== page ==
Wednesday, December 2, 2009

Week of November 23rd

We have been so very busy that the month of November has just flown by. We have been making lots of visits to inspect missionary apts, taught lots of lessons and discussions, traveled to Calais several times, cooked, worked with our JA's and done various other things. Today we decided to take a p-day, which we hadn't done in a long time. We (read I) wanted to go and see New Moon. I really liked it a lot. I know lots of peole didn't, but I really enjoyed it a lot. I think it followed the book pretty closely and I just liked it. Of course the books are always better, but we had a good time. Dh was a little lost in places and I had to fill him in on some things. I should have done it before, but it worked out just fine.
We have a really nice theatre in Kortrijk where they play movies in English with French and Dutch subtitles. The red chair is in the lobby, which is huge, preparing for Santa to arrive this week-end. There will be a big celebration and after Santa makes his entrance, the children will be able to go and see him and tell him their wishes. In Belgium Santa comes on a horse and then there is always Black Peter. Black Peter is the one who looks for naughty children and takes them if he spots them. He is black because he is covered in soot. In many places in Belgium, one can buy the set of 3: Santa, the horse, and Black Peter. Fun for all!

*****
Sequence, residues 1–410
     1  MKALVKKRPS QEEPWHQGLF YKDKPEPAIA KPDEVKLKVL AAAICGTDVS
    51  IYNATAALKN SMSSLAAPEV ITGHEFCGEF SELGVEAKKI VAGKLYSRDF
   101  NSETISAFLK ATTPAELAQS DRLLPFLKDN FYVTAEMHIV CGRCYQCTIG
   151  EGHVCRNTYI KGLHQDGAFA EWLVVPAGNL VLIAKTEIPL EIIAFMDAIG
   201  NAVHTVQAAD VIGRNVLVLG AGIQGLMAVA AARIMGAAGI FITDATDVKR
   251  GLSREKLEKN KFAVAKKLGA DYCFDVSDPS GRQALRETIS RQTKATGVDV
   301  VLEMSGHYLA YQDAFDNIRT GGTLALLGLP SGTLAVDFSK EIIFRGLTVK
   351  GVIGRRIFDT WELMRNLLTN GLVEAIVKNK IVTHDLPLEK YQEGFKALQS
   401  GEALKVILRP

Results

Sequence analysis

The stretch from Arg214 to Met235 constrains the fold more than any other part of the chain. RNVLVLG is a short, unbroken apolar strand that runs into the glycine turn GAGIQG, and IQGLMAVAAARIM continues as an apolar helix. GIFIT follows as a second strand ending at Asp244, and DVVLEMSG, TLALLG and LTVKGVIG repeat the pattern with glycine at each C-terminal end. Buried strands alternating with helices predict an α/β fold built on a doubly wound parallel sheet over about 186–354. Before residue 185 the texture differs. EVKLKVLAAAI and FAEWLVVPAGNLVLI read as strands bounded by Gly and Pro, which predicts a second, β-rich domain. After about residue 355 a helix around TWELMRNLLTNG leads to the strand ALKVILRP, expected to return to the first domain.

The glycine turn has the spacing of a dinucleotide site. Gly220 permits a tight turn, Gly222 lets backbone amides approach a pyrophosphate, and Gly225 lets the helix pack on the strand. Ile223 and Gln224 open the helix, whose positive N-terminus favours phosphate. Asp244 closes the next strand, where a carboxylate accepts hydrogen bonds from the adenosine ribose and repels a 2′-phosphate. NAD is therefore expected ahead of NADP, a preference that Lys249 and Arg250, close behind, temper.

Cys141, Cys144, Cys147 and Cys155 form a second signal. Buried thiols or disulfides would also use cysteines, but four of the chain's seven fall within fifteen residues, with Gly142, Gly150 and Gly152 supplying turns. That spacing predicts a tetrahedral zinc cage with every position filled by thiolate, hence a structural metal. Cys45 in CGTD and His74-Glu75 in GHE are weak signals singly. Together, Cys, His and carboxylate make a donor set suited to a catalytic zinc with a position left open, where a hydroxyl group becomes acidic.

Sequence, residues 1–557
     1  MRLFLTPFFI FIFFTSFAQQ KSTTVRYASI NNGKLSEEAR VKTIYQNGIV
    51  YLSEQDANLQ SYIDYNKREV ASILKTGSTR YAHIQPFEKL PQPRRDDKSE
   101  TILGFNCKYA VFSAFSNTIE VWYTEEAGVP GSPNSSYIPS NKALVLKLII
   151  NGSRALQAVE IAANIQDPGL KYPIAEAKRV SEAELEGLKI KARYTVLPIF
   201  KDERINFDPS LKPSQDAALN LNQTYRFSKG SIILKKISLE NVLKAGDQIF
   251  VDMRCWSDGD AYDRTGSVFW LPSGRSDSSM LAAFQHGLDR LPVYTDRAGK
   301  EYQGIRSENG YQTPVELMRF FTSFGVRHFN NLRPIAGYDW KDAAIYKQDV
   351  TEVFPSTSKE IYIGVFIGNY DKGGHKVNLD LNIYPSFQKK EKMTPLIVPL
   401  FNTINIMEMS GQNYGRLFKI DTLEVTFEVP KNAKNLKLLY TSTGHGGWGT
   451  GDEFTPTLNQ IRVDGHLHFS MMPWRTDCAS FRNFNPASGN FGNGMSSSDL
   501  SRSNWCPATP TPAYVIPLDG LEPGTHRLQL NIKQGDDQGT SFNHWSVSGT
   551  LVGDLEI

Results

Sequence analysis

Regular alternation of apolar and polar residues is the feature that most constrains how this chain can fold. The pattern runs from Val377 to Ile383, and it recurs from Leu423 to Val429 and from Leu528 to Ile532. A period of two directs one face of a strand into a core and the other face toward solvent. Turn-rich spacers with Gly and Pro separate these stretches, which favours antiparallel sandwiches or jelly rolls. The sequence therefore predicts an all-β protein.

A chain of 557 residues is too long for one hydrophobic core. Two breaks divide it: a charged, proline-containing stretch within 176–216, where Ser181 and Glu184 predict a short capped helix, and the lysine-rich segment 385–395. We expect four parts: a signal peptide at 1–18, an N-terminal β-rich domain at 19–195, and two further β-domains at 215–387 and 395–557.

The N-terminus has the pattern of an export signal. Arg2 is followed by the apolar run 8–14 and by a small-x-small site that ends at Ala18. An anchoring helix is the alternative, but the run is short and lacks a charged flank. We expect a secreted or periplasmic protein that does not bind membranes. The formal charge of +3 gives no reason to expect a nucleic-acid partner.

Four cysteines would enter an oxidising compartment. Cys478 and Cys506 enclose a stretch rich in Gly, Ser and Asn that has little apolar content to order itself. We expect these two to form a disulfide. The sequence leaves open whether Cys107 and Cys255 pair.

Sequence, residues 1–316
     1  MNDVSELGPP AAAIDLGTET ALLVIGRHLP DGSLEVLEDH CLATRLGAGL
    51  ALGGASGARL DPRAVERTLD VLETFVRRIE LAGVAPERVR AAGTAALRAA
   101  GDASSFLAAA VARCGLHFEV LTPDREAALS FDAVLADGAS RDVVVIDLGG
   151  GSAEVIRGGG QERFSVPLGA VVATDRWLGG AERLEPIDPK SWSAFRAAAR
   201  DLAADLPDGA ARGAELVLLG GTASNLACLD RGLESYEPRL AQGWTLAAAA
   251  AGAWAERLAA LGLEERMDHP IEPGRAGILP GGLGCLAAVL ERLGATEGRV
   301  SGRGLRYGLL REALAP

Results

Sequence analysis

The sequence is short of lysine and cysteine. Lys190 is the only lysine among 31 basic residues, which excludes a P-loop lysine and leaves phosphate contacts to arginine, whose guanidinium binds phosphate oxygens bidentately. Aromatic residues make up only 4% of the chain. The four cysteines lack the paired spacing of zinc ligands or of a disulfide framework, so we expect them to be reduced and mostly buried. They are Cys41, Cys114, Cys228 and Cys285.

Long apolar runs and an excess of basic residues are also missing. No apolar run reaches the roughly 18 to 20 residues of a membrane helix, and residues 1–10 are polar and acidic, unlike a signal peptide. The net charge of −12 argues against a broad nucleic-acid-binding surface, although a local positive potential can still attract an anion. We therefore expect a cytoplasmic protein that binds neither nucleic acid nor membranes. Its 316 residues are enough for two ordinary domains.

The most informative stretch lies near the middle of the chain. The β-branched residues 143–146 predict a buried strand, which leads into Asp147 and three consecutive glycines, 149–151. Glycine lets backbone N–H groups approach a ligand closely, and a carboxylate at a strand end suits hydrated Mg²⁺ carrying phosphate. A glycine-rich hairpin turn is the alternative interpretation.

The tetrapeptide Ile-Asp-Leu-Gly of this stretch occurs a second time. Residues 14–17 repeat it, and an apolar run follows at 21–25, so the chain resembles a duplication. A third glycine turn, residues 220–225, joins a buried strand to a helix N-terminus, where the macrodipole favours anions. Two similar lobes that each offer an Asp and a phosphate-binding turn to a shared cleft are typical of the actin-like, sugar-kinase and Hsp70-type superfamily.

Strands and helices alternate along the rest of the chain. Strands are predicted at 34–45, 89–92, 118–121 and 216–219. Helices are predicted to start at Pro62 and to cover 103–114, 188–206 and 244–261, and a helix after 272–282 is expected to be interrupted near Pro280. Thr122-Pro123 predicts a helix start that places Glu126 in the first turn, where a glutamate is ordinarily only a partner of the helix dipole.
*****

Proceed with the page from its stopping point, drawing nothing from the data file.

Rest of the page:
These are the Petrov's again. I know I have written about this amazing couple before, but I want to write some more. Vasil and Hayrie came from Bulgaria for her to have surgery on her eyes. She has been completely blind since she was 18 months old. He also has lots of physical problems including unsteadiness, epilepsy, and double vision. The missionaries began teaching them by showing DVD's which she would listen to and then they would point to verses in the Bulgarian scriptures which Vasil would read aloud to her. Finally we came to France and I was able to start translating for them. They were baptized and have been so faithful and diligent ever since. Vasil has already read the Book of Mormon aloud twice to them. They remember everything too. They read for understanding and retention. When we are in Sunday school or Relief Society and I translate something for her, she will usually say that she has already read that and knows about it. She can then relate the story or concept back to me. She has an amazing memory. When she first found out about blessings, she asked the elders to bless her. They did and then instead of just seeing all black she began to see light at times and she was so grateful. Any concept I teach her, they immediately pick up and are so faithful in keeping it. For example, I taught her about tithing and the next week they come in with 2euros for the 20 that they receieved. They have been faithful every week since then. One Sunday I taught her about fasting. The next week she comes and tells me that they fasted and how great it felt. The week after that they come to church and she tells me that they fasted 3 times that week. I explain that it is only necessary to fast once a month, but she answers that it just felt so good to fast. They are like that with everything. Hayrie recently found out that surgery is not an option, that it will not help her. Instead of being mad or depressed she said, "I really wanted to see, but it's okay. I know why I had to come to France. I had to get not light in my eyes, but the light of the gospel. I am so grateful to have found the church and to be so close to the Lord." They are learning French. Last week we met at the church to home teach them and I had to translate from French into Russian and then she translates into Bulgarian for Vasil. Her home teachers are French and Tahitian. Sometimes Dh has to first translate from French into English. After the lesson she wanted us to say some words from the dictionary into French. It turned out to be a Bulgarian dictionary, so I had to try to read the words in Bulgarian and then say them in Russian and then translate into French. Sometimes Vasil had to read the word for me first and many times Dh had to say them in French cause, you know, French pronounciation is so hard. Anyway, it was quite the process. I also then had to write words in English from what she said in Bulgarian for the post office in Bulgaria. I was so tired after that session. In any case, I think they are just awesome.